Speaking to a local media outlet, Japanese politician, Ms. Sanae Takaichi said that the new move potentially opens doors for new types of political funding. Currently, Japan recognizes the availability of cryptocurrencies but does not allow its use as legal tender. Cryptocurrency remains a grey area in Japan, with regulations on political donations affecting only fiat money and stock.
The country considers receipt of crypto funds by political parties legal and no transparency laws require them to reveal their holdings. Politicians in Japan can now become crypto holders with no limitations. However, converting the digital funds to fiat would subject the holders to the rules for disclosure.
Strict with Exchanges
Japan is strict with crypto exchanges, although trades are at the discretion of the market operators, even before they become fully compliant. Japan allows exchanges between the Japanese yen and crypto at no fee. The only requirements are a valid local bank account and a national ID. Recently, the country’s mega local retail outlet, Rakuten, launched a limited exchange wallet through its Rakuten Wallet. That gave access to BTC and ETH.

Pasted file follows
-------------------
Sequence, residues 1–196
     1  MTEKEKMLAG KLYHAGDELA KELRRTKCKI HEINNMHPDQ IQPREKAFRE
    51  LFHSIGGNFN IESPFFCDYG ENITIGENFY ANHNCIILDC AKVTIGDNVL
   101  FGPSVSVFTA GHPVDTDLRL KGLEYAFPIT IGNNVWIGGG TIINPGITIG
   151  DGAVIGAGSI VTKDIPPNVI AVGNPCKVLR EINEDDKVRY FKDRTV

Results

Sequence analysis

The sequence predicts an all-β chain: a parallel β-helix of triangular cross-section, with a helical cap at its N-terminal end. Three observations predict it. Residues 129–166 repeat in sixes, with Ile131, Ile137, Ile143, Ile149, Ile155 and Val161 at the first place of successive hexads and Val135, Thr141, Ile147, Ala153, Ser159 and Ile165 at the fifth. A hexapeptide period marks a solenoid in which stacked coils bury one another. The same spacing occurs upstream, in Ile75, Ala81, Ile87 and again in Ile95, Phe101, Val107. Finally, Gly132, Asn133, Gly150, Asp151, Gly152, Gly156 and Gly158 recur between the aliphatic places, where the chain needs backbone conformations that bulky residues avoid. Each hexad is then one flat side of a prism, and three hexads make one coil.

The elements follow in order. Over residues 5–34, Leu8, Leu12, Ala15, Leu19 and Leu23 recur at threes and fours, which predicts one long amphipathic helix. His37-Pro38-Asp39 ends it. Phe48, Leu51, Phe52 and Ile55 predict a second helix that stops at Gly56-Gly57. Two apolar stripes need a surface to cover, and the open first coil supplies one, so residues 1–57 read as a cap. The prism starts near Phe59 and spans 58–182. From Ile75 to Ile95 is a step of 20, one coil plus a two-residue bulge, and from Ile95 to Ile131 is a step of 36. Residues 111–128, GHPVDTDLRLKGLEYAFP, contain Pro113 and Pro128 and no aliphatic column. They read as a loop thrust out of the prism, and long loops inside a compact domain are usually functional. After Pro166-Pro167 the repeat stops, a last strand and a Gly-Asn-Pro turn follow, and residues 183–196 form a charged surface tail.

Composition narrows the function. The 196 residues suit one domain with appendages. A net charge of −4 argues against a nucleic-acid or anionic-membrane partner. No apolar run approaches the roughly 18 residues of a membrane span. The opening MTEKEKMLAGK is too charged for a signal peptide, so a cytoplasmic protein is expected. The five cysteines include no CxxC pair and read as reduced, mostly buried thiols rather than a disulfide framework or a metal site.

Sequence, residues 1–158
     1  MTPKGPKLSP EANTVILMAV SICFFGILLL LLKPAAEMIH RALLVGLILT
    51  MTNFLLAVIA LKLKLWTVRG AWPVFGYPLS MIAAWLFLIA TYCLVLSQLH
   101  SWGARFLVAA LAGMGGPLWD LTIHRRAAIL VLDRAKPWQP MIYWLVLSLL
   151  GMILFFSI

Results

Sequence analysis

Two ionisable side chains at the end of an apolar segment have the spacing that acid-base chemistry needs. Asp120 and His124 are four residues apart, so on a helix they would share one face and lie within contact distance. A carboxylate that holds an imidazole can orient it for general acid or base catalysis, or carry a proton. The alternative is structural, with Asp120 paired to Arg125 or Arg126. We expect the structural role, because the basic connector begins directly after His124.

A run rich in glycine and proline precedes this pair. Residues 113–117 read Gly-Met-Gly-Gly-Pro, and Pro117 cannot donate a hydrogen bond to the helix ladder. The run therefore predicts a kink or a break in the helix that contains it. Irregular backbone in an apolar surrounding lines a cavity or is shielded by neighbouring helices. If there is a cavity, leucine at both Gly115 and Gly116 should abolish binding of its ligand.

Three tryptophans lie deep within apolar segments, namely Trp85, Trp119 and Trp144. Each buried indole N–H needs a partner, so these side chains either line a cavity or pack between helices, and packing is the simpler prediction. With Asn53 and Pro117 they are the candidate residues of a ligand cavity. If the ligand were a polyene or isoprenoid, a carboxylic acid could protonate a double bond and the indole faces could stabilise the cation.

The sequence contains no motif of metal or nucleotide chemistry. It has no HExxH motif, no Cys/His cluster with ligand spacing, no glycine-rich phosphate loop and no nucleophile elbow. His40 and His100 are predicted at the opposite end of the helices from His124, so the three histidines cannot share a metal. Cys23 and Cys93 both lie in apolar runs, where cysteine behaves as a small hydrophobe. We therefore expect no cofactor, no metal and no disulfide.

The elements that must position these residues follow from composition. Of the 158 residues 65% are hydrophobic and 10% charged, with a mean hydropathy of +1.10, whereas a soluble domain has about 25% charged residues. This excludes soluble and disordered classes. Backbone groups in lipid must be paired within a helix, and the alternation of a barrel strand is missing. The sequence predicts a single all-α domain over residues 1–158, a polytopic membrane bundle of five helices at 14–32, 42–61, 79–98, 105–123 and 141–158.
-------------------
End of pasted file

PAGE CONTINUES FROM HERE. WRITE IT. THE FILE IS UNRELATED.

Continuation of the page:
All along, regulators have created firm requirements for cryptocurrency exchanges. The country is also home to some of the biggest failures in the crypto space, such as Mt Gox, which is yet to pay the victims of its heist. Besides, the issue of Coincheck poses another failure where almost $600 million went down the drain. The exchange has since announced its plans to shut operations.
Since Japanese yen is one of the main inflows of fiat into Bitcoin (BTC), the country’s regulator, Japanese Financial Services Authority, keeps a keen eye on exchange activities. Just a handful of crypto assets with regional presence, such as Dogecoin (DOGE) and MonaCoin (MONA) also participate in the exchanges.
Importantly, the Japanese crypto sector may acquire a self-regulatory status and define its trading limits, as earlier reported by local media. At the end of last month (September), the FSA authorized the Japan Virtual Currency Exchange Association to suggest rules for regulation. The association consists of 16 registered exchanges, Bitflyer and Zaif inclusive.
However, even with the potential self-regulatory status of crypto entities in Japan, the market remains riskier with several requirements. This was evidenced by the Binance exchange, which left the Japanese market and relocated to Malta.
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